I could almost hear the sigh of relief from social enterprises when the much-amended Public Services (Social Value) Act was passed in February. But for local authority commissioners, the journey is just beginning. With pressure from all sides to reduce costs and improve service quality, this bill poses yet another procurement challenge.
It’s that age old problem. Should local authorities use national supply markets to benefit from low prices or should they buy from local suppliers to support local businesses and create jobs?
Birmingham City Council has already begun to tackle this issue by adopting a procurement policy for jobs and skills. But as we watched the bill make its way through parliament, we looked at how we could develop this policy further - once and for all solving the dilemma of sustainable outcomes versus efficiency.
Our objectives were many. We wanted to continue securing the best terms from suppliers. We also wanted to promote local economic regeneration - not just supporting businesses but supporting the people behind those businesses. We were also keen to use purchasing to cut carbon emissions.
But the wish list didn’t end there. As the country’s largest local authority we wanted to use our buying power to help our neighbours. The goal was to encourage public bodies that would otherwise see Birmingham City Council as a threat to take advantage of the low prices we could negotiate.
It was agreed that the only way to achieve such wide-ranging aims was through a public service spin out rooted in the social economy. A social enterprise could operate independently from the council, using business methods to achieve savings and social outcomes.
In early 2011 myself and Neil Hopkins, head of strategy and performance at the council began to work up this idea. Neil will be describing this process in more detail at procurement event PfH Live on 13 June. He and I realised that to get the buy-in of organisations across the public and third sectors we needed other bodies on board.
Months later five founding members launched ‘Buy For Good’ (BFG). They included Accord and Optima, the two biggest housing associations in the West Midlands; Birmingham Chamber of Commerce, representing local SMEs; the Initiative for Social Entrepreneurs and Birmingham City Council.
This cross-sector mix of board directors allowed us to speak with authority to organisations from the private, public and third sectors. Twelve months on and eight bodies now purchase through BFG. They include emergency services, social enterprises and several local authorities. Next year we want schools, health trusts and universities to benefit from our agreements.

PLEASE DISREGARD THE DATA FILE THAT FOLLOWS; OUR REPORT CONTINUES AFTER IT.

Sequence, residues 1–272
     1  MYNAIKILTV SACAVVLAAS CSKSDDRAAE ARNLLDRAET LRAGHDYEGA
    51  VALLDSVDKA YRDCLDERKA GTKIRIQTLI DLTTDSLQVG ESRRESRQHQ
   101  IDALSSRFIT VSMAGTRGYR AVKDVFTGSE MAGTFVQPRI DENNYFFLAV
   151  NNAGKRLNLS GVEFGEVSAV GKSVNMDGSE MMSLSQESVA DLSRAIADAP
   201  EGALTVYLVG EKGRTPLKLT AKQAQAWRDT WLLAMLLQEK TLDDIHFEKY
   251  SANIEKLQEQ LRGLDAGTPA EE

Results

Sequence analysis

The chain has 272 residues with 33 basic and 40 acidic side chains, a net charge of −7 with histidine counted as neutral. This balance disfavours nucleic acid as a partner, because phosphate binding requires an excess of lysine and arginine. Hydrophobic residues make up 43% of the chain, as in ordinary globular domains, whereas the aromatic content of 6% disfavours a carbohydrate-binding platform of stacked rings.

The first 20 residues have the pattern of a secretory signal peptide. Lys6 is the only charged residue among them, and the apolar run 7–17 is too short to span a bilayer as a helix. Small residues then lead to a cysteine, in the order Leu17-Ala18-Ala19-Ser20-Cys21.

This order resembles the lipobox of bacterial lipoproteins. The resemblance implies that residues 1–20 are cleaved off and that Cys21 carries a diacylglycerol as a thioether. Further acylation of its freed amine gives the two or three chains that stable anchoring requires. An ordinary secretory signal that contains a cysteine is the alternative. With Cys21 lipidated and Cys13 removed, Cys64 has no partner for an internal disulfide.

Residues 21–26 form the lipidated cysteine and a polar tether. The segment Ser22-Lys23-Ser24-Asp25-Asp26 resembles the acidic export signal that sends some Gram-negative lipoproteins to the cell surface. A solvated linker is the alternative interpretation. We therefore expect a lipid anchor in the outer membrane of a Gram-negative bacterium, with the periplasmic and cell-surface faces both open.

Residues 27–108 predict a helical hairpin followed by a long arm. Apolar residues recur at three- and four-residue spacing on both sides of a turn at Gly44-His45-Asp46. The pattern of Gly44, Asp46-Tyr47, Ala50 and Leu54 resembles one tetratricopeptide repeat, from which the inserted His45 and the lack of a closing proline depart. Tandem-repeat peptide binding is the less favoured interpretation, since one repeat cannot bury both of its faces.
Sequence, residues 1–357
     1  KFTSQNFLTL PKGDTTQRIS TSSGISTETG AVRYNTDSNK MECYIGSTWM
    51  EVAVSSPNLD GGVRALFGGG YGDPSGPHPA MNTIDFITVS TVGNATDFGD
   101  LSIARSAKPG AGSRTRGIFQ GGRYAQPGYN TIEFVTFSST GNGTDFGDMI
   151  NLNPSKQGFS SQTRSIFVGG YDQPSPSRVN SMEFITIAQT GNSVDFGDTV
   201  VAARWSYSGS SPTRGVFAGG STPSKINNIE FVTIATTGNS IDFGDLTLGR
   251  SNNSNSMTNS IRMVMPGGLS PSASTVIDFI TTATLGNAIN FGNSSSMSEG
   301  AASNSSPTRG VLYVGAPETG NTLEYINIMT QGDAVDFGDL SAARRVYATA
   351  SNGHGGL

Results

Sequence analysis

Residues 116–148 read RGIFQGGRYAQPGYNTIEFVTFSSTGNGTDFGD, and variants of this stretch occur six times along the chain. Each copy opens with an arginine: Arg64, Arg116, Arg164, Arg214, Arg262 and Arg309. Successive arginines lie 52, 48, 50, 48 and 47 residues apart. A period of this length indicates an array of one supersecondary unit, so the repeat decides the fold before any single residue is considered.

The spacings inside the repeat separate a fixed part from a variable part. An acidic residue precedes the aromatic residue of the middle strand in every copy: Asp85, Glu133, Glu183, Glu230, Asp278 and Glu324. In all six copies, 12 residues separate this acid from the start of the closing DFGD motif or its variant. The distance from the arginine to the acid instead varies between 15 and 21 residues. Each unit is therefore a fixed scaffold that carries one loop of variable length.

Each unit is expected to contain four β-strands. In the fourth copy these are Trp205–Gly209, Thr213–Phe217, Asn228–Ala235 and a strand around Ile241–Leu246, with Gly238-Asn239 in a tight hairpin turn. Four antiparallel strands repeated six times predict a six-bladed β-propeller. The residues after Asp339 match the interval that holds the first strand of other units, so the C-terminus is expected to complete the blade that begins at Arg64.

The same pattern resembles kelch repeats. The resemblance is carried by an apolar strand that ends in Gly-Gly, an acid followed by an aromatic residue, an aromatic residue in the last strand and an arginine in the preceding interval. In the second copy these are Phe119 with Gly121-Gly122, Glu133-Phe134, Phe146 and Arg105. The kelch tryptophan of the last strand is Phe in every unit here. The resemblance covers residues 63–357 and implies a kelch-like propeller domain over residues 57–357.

These frameworks have been specially developed to achieve that delicate balance I spoke of earlier. Free from the red tape of local government procurement, we were able to design locality based contracts that channel money into local supply markets. Agreements including coach hire and the installation of electric vehicle charging posts have harnessed the £12m spent through BFG last year, using it to provide employment and training at four SME suppliers in the region.
Minimising environmental impact is also integral to each framework. We have four live agreements and another four currently being developed. Carbon reduction is at the heart of each one. From document sharing and retrieval to building demolition, each contract aims to reduce the environmental impact associated with providing goods and services.
So far Birmingham City Council has saved 35% on the micro-generation framework alone and it also earns a regular income on the procurement resource it provided when BFG was first set up. Other BFG members report that they have made significant back office savings by tapping into this OJEU compliant procurement resource. They are also taking advantage of framework prices far below those available on the open market.
This self-funded back office model for delivering shared services is not costly and it wasn’t difficult to set up. I would encourage local authorities around the country to consider a similar system. But a cross-sector approach is key. BFG wouldn’t have worked had it not been set up by a mix of local government, social enterprise and business organisations. It shows just how effective partnerships between the public, private and social economies can be.
Find out more about Buy For Good at procurement event PfH Live from 12-14 June http://www.procurementforhousing.co.uk/pfhlive
Jack Glonek, assistant director economic development, Birmingham City Council